Intended for healthcare professionals

Research Commentary

Cardiovascular risk estimation: important but may be inaccurate

BMJ 2006; 332 doi: (Published 15 June 2006) Cite this as: BMJ 2006;332:1422
  1. Vishnu Madhok, medical student1,
  2. Tom Fahey, professor of primary care medicine (t.p.fahey{at}
  1. 1 Division of Community Health Sciences, Mackenzie Building, University of Dundee, Dundee DD2 4BF
  1. Correspondence to: T Fahey
  • Accepted 9 May 2006

Manuel and colleagues applied the recommendations from six national guidelines on statin treatment to the same Canadian population and measured each guideline's impact in terms of number of people recommended for treatment, potential number of deaths from coronary heart disease avoided, and the number needed to treat to avoid one death.1 They show that markedly different numbers of people are recommended for treatment when different guidelines are followed.

Deciding whether to prescribe statins for a patient for the primary prevention of coronary heart disease would seem to be a relatively straightforward issue in the broader context of decision making in primary care. Over the past 10 years, 14 randomised controlled trials have established the efficacy of statins across a broad range of patient groups.2 However, as Manuel and colleagues show, integration of evidence into clinical guidelines is inconsistent, particularly with regard to explicit use of Framingham and other multivariable risk functions when estimating the probability of heart disease developing in individual patients.1

Some would argue that the results of Manuel and colleagues' study are not surprising, as the outcome for their study—death from coronary heart disease—was calculated by applying the Framingham or SCORE risk score, an example of internal validity assessment. The guidelines that go furthest in recommending calculation of absolute risk—New Zealand, British, and Australian—would be expected to perform better than those that are less explicit—US, Canadian, and European. As the relative benefits from statins are constant irrespective of initial absolute risk and the risks of treatment are small, the approach of explicit absolute risk assessment is justified: higher risk individuals are likely to gain the most in absolute terms.1 2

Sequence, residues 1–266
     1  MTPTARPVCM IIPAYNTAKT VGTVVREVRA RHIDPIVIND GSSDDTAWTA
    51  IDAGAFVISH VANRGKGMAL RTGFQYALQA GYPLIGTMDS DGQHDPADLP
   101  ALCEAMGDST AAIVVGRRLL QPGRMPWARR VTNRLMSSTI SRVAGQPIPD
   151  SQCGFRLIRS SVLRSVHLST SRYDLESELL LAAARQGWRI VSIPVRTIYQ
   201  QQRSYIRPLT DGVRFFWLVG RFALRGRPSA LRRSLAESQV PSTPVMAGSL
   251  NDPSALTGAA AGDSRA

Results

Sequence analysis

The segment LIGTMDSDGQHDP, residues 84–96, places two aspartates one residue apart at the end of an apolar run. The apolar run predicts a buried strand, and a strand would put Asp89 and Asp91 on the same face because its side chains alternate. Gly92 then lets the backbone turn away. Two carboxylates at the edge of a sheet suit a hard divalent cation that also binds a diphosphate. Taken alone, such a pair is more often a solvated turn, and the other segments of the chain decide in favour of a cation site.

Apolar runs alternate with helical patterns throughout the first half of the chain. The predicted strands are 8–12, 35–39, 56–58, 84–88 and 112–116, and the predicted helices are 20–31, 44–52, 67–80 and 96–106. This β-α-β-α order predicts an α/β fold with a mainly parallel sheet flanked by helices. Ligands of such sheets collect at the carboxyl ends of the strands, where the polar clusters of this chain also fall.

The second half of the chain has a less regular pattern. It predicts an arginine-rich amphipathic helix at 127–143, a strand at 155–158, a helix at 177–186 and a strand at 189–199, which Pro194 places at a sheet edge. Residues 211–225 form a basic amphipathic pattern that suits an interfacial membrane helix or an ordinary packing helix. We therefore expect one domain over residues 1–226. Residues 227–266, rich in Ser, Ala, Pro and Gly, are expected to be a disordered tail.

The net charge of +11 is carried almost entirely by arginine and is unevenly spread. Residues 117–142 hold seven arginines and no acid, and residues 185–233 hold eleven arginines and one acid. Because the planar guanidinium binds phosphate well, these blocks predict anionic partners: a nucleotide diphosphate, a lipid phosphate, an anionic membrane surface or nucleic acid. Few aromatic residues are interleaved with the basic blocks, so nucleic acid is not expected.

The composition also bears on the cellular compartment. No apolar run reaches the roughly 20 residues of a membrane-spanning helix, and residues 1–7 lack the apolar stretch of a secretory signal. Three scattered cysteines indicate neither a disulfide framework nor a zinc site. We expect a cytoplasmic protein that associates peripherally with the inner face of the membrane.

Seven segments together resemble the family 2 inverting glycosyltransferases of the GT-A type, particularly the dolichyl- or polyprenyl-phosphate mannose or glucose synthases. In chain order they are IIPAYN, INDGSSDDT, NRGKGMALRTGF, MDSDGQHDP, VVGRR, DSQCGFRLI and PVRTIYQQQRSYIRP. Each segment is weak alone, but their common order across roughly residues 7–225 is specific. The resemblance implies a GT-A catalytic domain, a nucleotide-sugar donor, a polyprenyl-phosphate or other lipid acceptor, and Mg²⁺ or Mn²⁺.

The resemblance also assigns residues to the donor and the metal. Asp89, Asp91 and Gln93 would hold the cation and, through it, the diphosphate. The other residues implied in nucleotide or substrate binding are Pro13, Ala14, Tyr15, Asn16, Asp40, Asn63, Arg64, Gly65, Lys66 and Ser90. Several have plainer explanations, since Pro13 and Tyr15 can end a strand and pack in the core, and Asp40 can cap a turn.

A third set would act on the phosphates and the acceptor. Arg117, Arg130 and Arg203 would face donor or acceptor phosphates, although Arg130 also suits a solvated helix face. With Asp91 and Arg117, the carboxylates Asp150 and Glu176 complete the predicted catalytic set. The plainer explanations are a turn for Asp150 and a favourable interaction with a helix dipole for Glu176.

Equally, uncritical application of absolute risk assessment for primary prevention of coronary heart disease should be discouraged. A systematic review of 27 external validity studies, of the extent to which predicted risk assessments are an accurate reflection of observed risk of heart disease, shows that the performance of the Framingham risk score varies considerably between different countries and populations.3 Predicted to observed ratios ranged from an underprediction of 0.43 in higher risk populations to overprediction of 2.87 in lower risk populations.3 Within the United Kingdom, regional differences of risk of heart disease mean that the accuracy of Framingham varies, with overprediction in areas of low incidence of CHD4 and underestimation in socially deprived areas, where the incidence of heart disease is high.5 Even if Framingham was consistently accurate, evidence about the benefits of applying absolute risk assessment in the primary prevention of heart disease is scarce; only four randomised controlled trials implementing this approach have been published, with inconclusive results.3

In conclusion, the study by Manuel and colleagues contains an important message. Explicit absolute risk assessment is an essential starting point when considering primary preventive treatment for CHD. However, uncritical application of Framingham may mislead patients and health professionals and ongoing studies are needed to ensure CHD risk assessment is as accurate as possible for the group of patients to which it is applied.

This article was posted on on 31 May 2006:


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